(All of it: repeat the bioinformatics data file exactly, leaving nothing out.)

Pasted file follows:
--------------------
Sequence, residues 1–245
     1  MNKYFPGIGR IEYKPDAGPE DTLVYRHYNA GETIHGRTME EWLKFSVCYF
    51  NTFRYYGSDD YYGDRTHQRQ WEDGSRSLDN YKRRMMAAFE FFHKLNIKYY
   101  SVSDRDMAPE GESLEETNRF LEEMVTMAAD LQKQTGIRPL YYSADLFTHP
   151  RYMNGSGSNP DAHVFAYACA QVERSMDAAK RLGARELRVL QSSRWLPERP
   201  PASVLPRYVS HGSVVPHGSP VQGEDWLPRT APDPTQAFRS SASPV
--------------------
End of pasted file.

Sequence, residues 1–245
     1  MNKYFPGIGR IEYKPDAGPE DTLVYRHYNA GETIHGRTME EWLKFSVCYF
    51  NTFRYYGSDD YYGDRTHQRQ WEDGSRSLDN YKRRMMAAFE FFHKLNIKYY
   101  SVSDRDMAPE GESLEETNRF LEEMVTMAAD LQKQTGIRPL YYSADLFTHP
   151  RYMNGSGSNP DAHVFAYACA QVERSMDAAK RLGARELRVL QSSRWLPERP
   201  PASVLPRYVS HGSVVPHGSP VQGEDWLPRT APDPTQAFRS SASPV